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It is no good to try to stop knowledge from going forward. Ignorance is never better than knowledge - Enrico Fermi. 

Nothing is better than reading and gaining more and more knowledge - Stephen William Hawking.

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#954 2021-08-11 00:35:49

ganesh
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Re: crème de la crème

918) Sir John Cowdery Kendrew

Sir John Cowdery Kendrew, (born March 24, 1917, Oxford, Oxfordshire, England—died August 23, 1997, Cambridge, Cambridgeshire), British biochemist who determined the three-dimensional structure of the muscle protein myoglobin, which stores oxygen in muscle cells. For his achievement he shared the Nobel Prize for Chemistry with Max Ferdinand Perutz in 1962.

Kendrew was educated at Trinity College, Cambridge, receiving his Ph.D. there in 1949. In 1946–47 he and Perutz founded the Medical Research Council Unit for Molecular Biology at Cambridge. They used the technique of X-ray crystallography to study the structures of proteins, with Perutz studying hemoglobin and Kendrew trying to determine the structure of the somewhat simpler molecule of myoglobin. By 1960, with the use of special diffraction techniques and the help of computers to analyze the X-ray data, Kendrew was able to devise a three-dimensional model of the arrangement of the amino acid units in the myoglobin molecule, which was the first time this had been accomplished for any protein.

A fellow of Peterhouse College, Cambridge, from 1947 to 1975, Kendrew was also deputy chairman of the Medical Research Council Unit and, from 1971, chairman of the Defence Scientific Advisory Council. He was knighted in 1974 and became president of St. John’s College, Oxford, in 1981.

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It is no good to try to stop knowledge from going forward. Ignorance is never better than knowledge - Enrico Fermi. 

Nothing is better than reading and gaining more and more knowledge - Stephen William Hawking.

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#955 2021-08-12 01:50:30

ganesh
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Re: crème de la crème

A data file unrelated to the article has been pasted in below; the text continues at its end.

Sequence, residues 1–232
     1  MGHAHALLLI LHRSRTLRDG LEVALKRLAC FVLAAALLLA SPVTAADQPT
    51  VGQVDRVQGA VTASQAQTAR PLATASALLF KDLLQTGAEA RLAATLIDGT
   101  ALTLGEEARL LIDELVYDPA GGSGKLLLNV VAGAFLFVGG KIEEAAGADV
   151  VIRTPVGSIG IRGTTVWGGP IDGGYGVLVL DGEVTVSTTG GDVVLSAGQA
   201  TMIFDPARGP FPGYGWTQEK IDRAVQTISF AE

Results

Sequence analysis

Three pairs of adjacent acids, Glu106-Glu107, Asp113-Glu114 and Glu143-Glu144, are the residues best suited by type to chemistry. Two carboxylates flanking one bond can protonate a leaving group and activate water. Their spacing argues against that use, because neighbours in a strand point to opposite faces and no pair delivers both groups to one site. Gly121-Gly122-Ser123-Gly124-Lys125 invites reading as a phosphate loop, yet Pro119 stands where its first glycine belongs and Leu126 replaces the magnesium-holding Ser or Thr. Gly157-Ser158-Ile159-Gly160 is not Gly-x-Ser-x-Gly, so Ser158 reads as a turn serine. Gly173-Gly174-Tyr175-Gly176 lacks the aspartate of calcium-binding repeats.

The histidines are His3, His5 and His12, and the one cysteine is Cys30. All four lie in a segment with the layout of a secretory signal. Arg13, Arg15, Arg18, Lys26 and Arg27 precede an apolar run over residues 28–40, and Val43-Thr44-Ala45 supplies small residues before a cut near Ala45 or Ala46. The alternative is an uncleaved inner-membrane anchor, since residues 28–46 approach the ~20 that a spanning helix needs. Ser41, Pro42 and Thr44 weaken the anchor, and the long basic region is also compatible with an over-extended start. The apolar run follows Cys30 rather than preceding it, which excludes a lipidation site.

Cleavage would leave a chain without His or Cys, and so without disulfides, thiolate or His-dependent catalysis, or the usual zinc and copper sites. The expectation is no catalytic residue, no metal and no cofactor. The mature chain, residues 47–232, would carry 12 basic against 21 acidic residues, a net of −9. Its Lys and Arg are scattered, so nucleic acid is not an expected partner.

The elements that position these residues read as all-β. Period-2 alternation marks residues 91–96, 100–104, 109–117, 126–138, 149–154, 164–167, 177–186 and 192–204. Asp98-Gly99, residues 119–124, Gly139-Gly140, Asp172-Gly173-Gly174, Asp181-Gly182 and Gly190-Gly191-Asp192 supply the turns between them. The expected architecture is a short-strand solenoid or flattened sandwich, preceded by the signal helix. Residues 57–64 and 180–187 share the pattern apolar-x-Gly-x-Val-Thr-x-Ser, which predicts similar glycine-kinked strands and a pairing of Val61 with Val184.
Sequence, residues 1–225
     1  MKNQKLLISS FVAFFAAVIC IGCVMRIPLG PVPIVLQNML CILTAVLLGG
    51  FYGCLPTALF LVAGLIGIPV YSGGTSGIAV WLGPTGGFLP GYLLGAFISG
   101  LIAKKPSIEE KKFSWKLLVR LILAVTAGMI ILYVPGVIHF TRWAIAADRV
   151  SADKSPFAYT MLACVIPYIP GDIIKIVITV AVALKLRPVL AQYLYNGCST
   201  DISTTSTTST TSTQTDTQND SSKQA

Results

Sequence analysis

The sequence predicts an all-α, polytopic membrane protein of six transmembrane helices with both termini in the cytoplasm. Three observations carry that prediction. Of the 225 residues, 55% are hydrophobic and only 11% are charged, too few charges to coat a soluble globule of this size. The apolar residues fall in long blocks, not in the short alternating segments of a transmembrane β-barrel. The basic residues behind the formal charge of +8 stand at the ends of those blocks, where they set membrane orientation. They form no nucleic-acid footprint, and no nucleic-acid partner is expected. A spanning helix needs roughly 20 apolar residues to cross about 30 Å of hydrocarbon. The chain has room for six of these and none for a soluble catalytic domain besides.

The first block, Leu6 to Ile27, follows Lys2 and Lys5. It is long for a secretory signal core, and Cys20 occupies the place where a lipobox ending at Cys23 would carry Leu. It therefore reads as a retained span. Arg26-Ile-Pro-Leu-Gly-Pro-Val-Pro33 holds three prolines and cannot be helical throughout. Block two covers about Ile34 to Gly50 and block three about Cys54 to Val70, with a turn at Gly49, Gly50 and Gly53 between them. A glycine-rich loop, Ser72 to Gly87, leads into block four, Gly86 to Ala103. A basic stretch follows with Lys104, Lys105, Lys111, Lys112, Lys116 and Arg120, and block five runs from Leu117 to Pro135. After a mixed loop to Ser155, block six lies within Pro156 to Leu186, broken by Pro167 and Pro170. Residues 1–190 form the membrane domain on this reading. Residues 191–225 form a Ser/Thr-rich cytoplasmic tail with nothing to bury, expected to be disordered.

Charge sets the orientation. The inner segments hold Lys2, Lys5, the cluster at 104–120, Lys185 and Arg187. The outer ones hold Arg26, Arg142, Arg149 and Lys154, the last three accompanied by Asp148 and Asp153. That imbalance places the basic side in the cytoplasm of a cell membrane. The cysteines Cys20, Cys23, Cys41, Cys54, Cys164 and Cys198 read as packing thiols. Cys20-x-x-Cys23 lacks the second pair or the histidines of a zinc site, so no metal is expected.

919) James Watson

James Watson, in full James Dewey Watson, (born April 6, 1928, Chicago, Illinois, U.S.), American geneticist and biophysicist who played a crucial role in the discovery of the molecular structure of deoxyribonucleic acid (DNA), the substance that is the basis of heredity. For this accomplishment he was awarded the 1962 Nobel Prize for Physiology or Medicine with Francis Crick and Maurice Wilkins.

Watson enrolled at the University of Chicago when only 15 and graduated in 1947. From his virus research at Indiana University (Ph.D., 1950), and from the experiments of Canadian-born American bacteriologist Oswald Avery, which proved that DNA affects hereditary traits, Watson became convinced that the gene could be understood only after something was known about nucleic acid molecules. He learned that scientists working in the Cavendish Laboratory at the University of Cambridge were using photographic patterns made by X-rays that had been shot through protein crystals to study the structure of protein molecules.

After working at the University of Copenhagen, where he first determined to investigate DNA, he did research at the Cavendish Laboratory (1951–53). There Watson learned X-ray diffraction techniques and worked with Crick on the problem of DNA structure. In 1952 he determined the structure of the protein coat surrounding the tobacco mosaic virus but made no dramatic progress with DNA. Suddenly, in the spring of 1953, Watson saw that the essential DNA components—four organic bases—must be linked in definite pairs. This discovery was the key factor that enabled Watson and Crick to formulate a molecular model for DNA—a double helix, which can be likened to a spiraling staircase or a twisting ladder. The DNA double helix consists of two intertwined sugar-phosphate chains, with the flat base pairs forming the steps between them. Watson and Crick’s model also shows how the DNA molecule could duplicate itself. Thus, it became known how genes, and eventually chromosomes, duplicate themselves. Watson and Crick published their epochal discovery in two papers in the British journal Nature in April–May 1953. Their research answered one of the fundamental questions in genetics.